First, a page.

UK Markets close in 2 hrs 41 mins
  • FTSE 100

    6,918.06
    -87.33 (-1.25%)
     
  • FTSE 250

    16,889.71
    -431.26 (-2.49%)
     
  • AIM

    806.08
    -7.90 (-0.97%)
     
  • GBP/EUR

    1.1217
    +0.0039 (+0.35%)
     
  • GBP/USD

    1.0870
    -0.0015 (-0.1391%)
     
  • BTC-GBP

    17,684.40
    +42.60 (+0.24%)
     
  • CMC Crypto 200

    439.42
    +10.64 (+2.48%)
     
  • S&P 500

    3,719.04
    +71.75 (+1.97%)
     
  • DOW

    29,683.74
    +548.75 (+1.88%)
     
  • CRUDE OIL

    82.08
    -0.07 (-0.09%)
     
  • GOLD FUTURES

    1,658.20
    -11.80 (-0.71%)
     
  • NIKKEI 225

    26,422.05
    +248.07 (+0.95%)
     
  • HANG SENG

    17,165.87
    -85.01 (-0.49%)
     
  • DAX

    11,985.02
    -198.26 (-1.63%)
     
  • CAC 40

    5,680.15
    -84.86 (-1.47%)
     

Factbox-Ten key dates in the life of the euro budget pact

·3-min read
Euro currency bills are pictured at the Croatian National Bank in Zagreb

By Jan Strupczewski

BRUSSELS (Reuters) - European Union finance ministers will start discussions on Saturday on a fourth reform of the EU's fiscal rules known as the Stability and Growth Pact, which underpin the value of the euro currency.

The pact is complex but is built on two crucial principles: an upper limit for a country's national budget deficit, and an upper limit for its total public debt. Below are key dates in its often turbulent history.

1992

EU countries sign the Treaty of Maastricht, establishing a ceiling for national budget deficits at 3% and for debt at 60% of national output - with a discipline procedure for breaches.

1995

German Finance Minister Theo Waigel proposes countries adopting the euro agree to toughen rules on budget deficits and impose financial sanctions against deficit violators.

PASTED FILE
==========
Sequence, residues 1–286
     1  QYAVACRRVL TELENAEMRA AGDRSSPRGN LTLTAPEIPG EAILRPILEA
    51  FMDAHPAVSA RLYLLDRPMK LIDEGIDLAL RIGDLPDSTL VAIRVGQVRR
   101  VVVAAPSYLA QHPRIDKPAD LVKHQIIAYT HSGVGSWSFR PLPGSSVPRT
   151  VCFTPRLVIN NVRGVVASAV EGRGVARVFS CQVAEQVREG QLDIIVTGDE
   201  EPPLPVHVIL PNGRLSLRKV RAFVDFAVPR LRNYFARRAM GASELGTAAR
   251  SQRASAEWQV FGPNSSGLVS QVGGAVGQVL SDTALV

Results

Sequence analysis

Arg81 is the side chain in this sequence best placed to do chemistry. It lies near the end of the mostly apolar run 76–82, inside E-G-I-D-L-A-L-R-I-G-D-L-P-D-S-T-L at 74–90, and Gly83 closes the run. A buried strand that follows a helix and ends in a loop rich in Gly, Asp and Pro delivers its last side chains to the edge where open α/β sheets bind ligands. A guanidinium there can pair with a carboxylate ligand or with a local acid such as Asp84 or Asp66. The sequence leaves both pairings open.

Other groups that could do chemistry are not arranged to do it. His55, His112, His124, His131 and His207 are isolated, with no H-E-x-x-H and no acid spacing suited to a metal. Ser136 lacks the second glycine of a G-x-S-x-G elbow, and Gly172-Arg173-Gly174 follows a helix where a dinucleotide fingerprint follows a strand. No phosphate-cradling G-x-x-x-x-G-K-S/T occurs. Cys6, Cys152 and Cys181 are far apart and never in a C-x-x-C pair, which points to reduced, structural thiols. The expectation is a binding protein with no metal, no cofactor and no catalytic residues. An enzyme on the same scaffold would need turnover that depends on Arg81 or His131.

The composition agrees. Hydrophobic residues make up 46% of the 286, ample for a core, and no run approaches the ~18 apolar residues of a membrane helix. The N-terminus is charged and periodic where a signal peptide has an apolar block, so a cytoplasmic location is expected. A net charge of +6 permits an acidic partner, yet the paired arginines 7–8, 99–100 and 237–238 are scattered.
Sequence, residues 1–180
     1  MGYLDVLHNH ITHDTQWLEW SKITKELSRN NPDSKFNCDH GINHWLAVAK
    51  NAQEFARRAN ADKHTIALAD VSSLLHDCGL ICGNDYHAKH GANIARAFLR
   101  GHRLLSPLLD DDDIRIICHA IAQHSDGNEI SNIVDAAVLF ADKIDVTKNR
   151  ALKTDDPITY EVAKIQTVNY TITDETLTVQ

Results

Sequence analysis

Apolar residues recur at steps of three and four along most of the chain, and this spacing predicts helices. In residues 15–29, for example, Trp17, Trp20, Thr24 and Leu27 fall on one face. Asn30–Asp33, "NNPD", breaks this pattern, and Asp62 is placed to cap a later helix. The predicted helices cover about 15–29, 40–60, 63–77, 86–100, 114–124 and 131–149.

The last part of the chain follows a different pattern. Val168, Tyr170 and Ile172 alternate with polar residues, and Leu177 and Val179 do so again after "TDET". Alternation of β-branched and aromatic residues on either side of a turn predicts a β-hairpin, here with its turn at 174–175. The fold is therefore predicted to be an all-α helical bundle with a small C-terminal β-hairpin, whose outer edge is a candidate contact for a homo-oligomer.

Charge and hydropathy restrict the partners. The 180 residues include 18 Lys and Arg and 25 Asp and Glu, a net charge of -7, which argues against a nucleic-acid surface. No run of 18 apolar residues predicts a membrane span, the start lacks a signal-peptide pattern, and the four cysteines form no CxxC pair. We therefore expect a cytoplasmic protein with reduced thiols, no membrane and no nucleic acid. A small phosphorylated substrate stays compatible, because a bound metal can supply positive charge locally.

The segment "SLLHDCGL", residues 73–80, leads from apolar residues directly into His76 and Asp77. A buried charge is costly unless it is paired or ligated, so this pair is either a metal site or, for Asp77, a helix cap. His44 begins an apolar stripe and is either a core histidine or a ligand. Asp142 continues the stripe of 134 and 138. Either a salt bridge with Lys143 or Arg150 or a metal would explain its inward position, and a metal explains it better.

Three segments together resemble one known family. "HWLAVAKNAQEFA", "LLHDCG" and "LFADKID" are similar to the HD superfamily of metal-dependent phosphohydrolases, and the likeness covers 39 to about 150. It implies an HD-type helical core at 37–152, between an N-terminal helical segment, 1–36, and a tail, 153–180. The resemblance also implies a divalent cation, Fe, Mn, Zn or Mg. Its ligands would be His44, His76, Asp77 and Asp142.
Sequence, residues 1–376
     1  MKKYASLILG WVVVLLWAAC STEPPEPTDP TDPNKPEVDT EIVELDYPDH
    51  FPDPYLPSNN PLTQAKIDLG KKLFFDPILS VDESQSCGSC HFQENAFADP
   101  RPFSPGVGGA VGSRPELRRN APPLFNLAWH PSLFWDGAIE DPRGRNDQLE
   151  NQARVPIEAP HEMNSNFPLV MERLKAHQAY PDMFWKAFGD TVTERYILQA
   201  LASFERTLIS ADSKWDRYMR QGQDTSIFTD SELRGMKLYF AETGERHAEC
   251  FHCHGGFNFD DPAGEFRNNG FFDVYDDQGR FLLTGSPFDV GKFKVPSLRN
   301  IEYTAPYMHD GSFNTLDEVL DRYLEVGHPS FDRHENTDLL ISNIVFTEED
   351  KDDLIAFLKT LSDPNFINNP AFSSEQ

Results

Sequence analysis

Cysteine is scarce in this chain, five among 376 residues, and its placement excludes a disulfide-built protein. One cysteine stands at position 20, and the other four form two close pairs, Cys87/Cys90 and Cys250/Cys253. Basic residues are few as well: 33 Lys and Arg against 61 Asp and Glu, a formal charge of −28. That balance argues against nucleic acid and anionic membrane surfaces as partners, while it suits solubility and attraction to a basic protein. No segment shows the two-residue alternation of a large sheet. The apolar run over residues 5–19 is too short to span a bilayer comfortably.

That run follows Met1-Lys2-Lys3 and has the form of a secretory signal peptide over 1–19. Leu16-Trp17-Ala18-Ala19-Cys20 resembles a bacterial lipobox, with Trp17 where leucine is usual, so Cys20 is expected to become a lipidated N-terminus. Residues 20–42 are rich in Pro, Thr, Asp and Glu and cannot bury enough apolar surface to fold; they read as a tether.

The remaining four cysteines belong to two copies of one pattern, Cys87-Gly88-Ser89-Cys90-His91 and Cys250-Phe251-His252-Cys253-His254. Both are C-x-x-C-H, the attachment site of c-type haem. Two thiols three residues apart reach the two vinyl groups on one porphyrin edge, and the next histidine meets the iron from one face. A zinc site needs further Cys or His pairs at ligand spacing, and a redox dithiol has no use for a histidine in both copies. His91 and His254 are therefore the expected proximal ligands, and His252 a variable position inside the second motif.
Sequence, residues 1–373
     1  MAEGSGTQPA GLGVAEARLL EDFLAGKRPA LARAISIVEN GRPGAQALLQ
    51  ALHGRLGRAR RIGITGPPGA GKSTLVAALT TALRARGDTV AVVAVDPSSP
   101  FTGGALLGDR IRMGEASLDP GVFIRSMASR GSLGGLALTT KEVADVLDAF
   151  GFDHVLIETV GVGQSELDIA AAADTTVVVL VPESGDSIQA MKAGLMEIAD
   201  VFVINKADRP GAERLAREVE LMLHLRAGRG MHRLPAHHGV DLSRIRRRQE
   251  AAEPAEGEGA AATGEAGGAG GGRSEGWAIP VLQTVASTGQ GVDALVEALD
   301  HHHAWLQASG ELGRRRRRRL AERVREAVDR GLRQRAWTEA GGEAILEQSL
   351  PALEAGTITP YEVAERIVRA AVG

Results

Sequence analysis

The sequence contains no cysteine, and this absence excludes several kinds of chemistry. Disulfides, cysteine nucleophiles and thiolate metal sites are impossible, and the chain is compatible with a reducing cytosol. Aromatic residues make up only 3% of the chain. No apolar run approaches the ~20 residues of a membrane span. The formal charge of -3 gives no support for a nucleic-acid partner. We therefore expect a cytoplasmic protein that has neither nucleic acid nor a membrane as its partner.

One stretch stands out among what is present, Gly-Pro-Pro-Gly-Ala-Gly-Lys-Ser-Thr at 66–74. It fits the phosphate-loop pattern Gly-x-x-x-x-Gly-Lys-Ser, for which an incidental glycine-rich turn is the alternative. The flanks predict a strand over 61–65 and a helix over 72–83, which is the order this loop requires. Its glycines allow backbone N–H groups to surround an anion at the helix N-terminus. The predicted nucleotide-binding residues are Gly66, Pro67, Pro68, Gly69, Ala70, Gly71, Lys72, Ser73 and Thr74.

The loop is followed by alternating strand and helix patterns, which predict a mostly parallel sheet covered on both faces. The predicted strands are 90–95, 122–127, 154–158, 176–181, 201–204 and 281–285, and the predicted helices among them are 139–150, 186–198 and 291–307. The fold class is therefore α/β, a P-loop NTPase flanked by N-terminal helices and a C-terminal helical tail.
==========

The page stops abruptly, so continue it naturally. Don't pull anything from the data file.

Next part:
1997

Stability and Growth Pact rules are written up formally as regulations so that governments can coordinate fiscal policy in the soon-to-be-launched monetary union.

1999

To great fanfare, the euro currency is introduced in a historic moment for European integration.

2002

Only three years later comes the first major challenge to the pact's credibility as euro founders France and Germany run deficits above the 3% limit. They are requested to cut them.

2003

But rather than fall, the deficits of France and Germany rise further above the limit. The Commission asks the council of EU finance ministers - essentially, a grouping of all the EU national capitals - to approve harsher disciplinary action against Paris and Berlin. But the two countries organise a blocking minority and prevent tougher steps against them.

2004

The European Commission goes to the EU's top court to sue the council of finance ministers for blocking pact rules. It wins, but partly only on procedural grounds.

2005

In the aftermath, the EU reforms the rules for the first time. Crucially, a new set of goals give more leeway to national capitals taking into account the cyclical and structural factors in their deficits. Governments get more time to cut excess gaps and cannot be disciplined for minor or temporary breaches.

2011

Amid a sovereign debt crisis triggered after Greece hid the dire state of its finances from pact monitors, the rules are reformed again. Enter the so-called "six-pack", named after the six regulations that broaden the scope for fines and introduce new debt-cutting requirements, government spending ceilings and the monitoring of "excessive imbalances" in national economies.

2013

Still reeling from the sovereign debt crisis and keen to prevent a new one, the EU amends the rules yet again through two regulations, this time dubbed the "two-pack". The main change is that every year by Oct. 15, euro zone governments have to send to the Commission the main assumptions of their budgets for the following year for vetting whether they are in line with EU rules. If not, the Commission can demand a new budget.

(Reporting by Jan Strupczewski; Editing by Emelia Sithole-Matarise)